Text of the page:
Wisconsin Public Schools To Get Fraction Of Money Gov. Evers Wants
Updated Friday at 9:57 a.m. CDT
Wisconsin public schools would receive an additional $150 million in funding over two years under a Republican budget plan that the Legislature's budget committee approved Thursday.
That is less than 10% of the $1.6 billion Democratic Gov. Tony Evers proposed be spent on K-12 schools over the next two years. It is also about $200 million short of what would be needed to ensure that Wisconsin can keep $1.5 billion in federal funding under the coronavirus relief bill President Joe Biden signed in March.
Republicans defended their plan by saying they expect changes in the matching requirements to keep the federal money. In total, Wisconsin stands to receive $2.6 billion in federal coronavirus relief money.
“It is hard to talk about how we’re going to fund our schools and ignore the fact that we have so much federal funding coming into the state,” Republican Rep. Jessie Rodriguez said. “It is part of the conversation.”
The American Rescue Plan requires the state to spend the same proportion on K-12 schools and higher education in the upcoming fiscal year as was spent from 2016 through 2018. For K-12 schools, that means the state would have to spend $387 million more over the next two years, according to the nonpartisan Legislative Fiscal Bureau.
When asked whether the Republican spending plan would meet the federal requirements, budget committee co-chair Republican Rep. Mark Born said that issue was still being examined and would be dealt with “along the way.” He said he only recently became aware of the issue, even though it was raised in an April 8 memo from the fiscal bureau.
Republican Sen. Howard Marklein, the budget committee co-chair, said he believed Congress would change the requirements for states to meet the matching requirement.
“I’m aware of the risk, we considered it, we’ll talk about it as we go through,” Marklein said. “I believe the risk is manageable.”
Democratic Rep. Evan Goyke said counting on figuring out the issue later or the federal government changing its requirements is “far too risky."
Evers called for $1.6 billion in new education funding over two years and urged Republicans on the budget committee to accept his plan.
“By cutting or keeping spending levels flat, you continue to jeopardize Wisconsin’s short-term economic recovery and long-term economic prospects by not investing in our future,” Evers wrote to Republicans ahead of Thursday's meeting.
The majority of the federal funding coming to the state must be directed to schools based on how many low-income students they have. However, there was about $154 million available for the state to spend as it wishes.
Under the Republican plan, about $114 million would be distributed only to districts that were open for in-person instruction for at least half of this school year.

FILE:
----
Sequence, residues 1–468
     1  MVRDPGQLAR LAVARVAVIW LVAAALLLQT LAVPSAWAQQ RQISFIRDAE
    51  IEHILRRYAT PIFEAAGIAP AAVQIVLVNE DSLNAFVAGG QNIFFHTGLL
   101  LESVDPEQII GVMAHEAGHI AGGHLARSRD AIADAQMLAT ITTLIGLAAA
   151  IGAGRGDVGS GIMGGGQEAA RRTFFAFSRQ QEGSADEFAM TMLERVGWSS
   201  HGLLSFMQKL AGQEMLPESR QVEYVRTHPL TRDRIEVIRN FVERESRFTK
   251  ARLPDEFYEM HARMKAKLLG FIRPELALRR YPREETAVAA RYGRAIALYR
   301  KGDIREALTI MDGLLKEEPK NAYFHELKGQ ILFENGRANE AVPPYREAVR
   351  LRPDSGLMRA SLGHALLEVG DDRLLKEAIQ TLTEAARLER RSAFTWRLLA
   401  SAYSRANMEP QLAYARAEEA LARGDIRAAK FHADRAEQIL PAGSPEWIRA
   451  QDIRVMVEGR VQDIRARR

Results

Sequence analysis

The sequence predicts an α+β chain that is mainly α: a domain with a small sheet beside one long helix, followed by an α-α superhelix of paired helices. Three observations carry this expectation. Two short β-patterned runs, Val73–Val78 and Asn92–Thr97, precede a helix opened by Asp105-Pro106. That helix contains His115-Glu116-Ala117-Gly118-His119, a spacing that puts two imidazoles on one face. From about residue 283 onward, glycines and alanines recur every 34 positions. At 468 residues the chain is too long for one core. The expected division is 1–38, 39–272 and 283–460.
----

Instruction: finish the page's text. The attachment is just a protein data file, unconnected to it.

“We want to reward those districts that were open," said Republican Sen. Duey Stroebel.
The state education department wanted to spend the money differently, with all schools receiving at least $600,000. It would not have penalized schools for not holding in-person classes.
Democrats decried giving more to schools that opened, saying Republicans were creating winners and losers based on decisions made with the intent of protecting students and staff from the virus.
"The pandemic happened," said Goyke. "Nobody wanted it to happen. Nobody wanted to go virtual, nobody planned for this to happen. People made the best decisions they could to keep people safe."
The state's two largest school districts, Milwaukee and Madison, would not qualify for any of that money because they did not open for in-person instruction until midway through the second semester. Both cities are Democratic strongholds.
But the money districts are allocated based on their percentage of low-income students is protected from the Republican plan. MPS is expected to receive upwards of $700 million from the two most recent federal stimulus packages.
Republicans argued that the federal money schools are receiving can be used for a wide range of expenses. But school districts are hesitant to use the funding on long-term costs like staffing because the money is temporary, posing the possibility of a fiscal cliff.
Milwaukee Sen. LaTonya Johnson accused Republicans of shirking the state’s responsibility to pay for education.
"Now because Joe Biden has done his job, we somehow feel the need to not do ours," Johnson said.
Democrats also criticized Republicans for failing to provide a larger increase in special education funding. Right now, about 28% of schools’ special education costs are reimbursed by the state. The Republican plan would increase the reimbursement to an estimated 30% in 2022.
The Evers budget would increase reimbursement to 45% in the first year and 50% in the second.
The full Legislature would have to approve the budget being worked on by the committee before it would go to Evers, who could make changes with his broad veto power.
Two years ago, Evers signed a Republican-built budget that included an about $500 million boost for K-12.
This story was updated to correct that the amount of federal money at risk of being lost is $1.5 billion, not $2.2 billion.